This was originally posted to my blog, Diabetes Odyssey.
Sometimes as I rummage through the many other diabetes blogs out there I come across a post here and there about how a person is grateful for what they’ve learned and the positive things they’ve gained from being diabetic; or maybe they write about the positive things in their life because they are diabetic. The first thing I do when I see these posts is to roll my eyes. How can you be grateful for your diabetes? How can anything good come out of being diabetic?!
But, then I think about it. I think, first and foremost, that sitting down and putting a lot of thought into how good things can come out of being diabetic can be a very therapeutic exercise.
So I thought I should do it. I should sit and have a therapy session with my diabetes. Let us see what good I can come up with. Let us get past my anger, fear, and frustration and see what possibly lies beneath.
Finding out how strong you are could be one good thing I’ve learned. I’ve had to endure a lot of fear, anger, frustration, illness. Constantly worried about what the future could bring. Losing limbs, going blind, heart failure, neuropathy, stroke, kidney failure. All the bad things I had to look forward to. I’ve been petrified my entire life; but I still was able to keep going. I still had hopes and dreams, I still tried to make a good life for myself. I did everything every other human being does everyday, and I also dealt with my diabetes at the same time.
Tolerating pain. I have no idea if pain tolerance is built in or if you grow it…probably a bit of both. With the pain I’ve experienced in my life, both physical and emotional, I’ve learned to tolerate it. I feel it just like everyone else, but I endure, I keep going as best I can. I live with it and move forward instead of letting it keep me down and giving up. Diabetes doesn’t necessarily make physical pain for all who have it, at least not at first. But some diabetics have chronic pain that is in one way or another linked to diabetes. I was one who suffered stomach pain often. My doctors never could figure out what was causing it, but I suspect it had something to do with high BG. I also had other pains throughout my life that had no known cause. Now I have neuropathy; now that’s real pain. In any case diabetes sure does cause a lot of emotional turmoil. You need to be able to deal with it or it will destroy you.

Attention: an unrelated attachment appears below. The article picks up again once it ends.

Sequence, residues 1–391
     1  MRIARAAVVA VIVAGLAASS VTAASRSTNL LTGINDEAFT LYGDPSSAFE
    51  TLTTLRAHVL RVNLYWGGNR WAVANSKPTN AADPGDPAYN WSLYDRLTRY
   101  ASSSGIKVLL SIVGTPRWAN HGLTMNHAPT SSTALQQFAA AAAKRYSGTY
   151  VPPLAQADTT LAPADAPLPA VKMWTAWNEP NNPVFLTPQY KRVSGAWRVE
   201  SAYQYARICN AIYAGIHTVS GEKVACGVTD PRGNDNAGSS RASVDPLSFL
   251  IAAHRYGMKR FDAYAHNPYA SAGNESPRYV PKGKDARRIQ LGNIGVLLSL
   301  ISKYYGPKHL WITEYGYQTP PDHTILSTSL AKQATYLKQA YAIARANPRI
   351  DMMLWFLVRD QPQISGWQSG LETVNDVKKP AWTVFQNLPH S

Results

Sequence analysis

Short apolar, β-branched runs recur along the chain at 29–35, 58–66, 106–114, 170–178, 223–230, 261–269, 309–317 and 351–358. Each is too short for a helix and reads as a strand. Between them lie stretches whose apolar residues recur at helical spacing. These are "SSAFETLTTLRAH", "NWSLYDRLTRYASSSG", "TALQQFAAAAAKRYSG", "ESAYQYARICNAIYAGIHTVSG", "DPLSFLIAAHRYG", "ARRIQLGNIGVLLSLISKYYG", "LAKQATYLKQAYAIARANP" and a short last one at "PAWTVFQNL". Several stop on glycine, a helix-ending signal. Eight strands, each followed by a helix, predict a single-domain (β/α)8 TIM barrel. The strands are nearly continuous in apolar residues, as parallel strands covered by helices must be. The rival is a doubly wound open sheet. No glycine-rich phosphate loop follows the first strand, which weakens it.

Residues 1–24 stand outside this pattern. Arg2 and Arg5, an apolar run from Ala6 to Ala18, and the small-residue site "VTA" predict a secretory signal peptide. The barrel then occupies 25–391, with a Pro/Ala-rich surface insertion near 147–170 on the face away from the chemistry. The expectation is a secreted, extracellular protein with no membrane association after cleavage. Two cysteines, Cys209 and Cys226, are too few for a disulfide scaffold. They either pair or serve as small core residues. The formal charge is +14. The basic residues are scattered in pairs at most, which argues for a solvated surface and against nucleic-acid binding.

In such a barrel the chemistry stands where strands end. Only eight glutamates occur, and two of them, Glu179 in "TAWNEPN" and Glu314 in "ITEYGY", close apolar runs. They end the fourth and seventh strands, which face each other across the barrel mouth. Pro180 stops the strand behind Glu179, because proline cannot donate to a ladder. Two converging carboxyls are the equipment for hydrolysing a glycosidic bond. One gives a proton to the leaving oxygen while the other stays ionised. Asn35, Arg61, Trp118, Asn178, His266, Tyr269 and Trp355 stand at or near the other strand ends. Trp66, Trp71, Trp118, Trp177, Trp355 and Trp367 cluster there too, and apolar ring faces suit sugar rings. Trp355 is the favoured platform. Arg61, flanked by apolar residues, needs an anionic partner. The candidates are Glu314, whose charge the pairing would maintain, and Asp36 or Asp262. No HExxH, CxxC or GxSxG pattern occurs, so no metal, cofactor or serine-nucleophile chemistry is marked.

Medical knowledge. Boy have I learned a lot about the human body, disease, medicine, treatments, nutrition, fitness, etc. And not just related strictly to diabetes. Diabetes can lead to, and be linked with, so many other ailments. You learn a lot. If you want to be healthy, you might as well go to medical school and get a degree for all you’ve learned! You’d be shocked at how many times I’ve out knowledged real doctors about type 1 diabetes.
Go with the flow. Life is full of hardship, challenges, uncertainties. It doesn’t matter if you are diabetic or not. It’s life. You deal with what you’re dealt. If you worry and agonize over everything it’ll just make life harder. Go with the flow, relax, deal with things as they come. Don’t worry. Be happy as often as you can and cry when you need to let go. Life will all work out as long as you do your best and don’t give up.
Being able to be there for others. It is important to have people you can talk to. People who understand your pain and struggle. The best people to understand are those who have the same disease. From my life and struggle I have been able to share my story, to reach out to others and help them as I needed to be helped.
I will never like diabetes. I will never be grateful for a disease. But I’ve learned to make the best of a bad, bad thing.
That’s what I’ve learned from diabetes. Accept who you are, what you are, and do the best you can.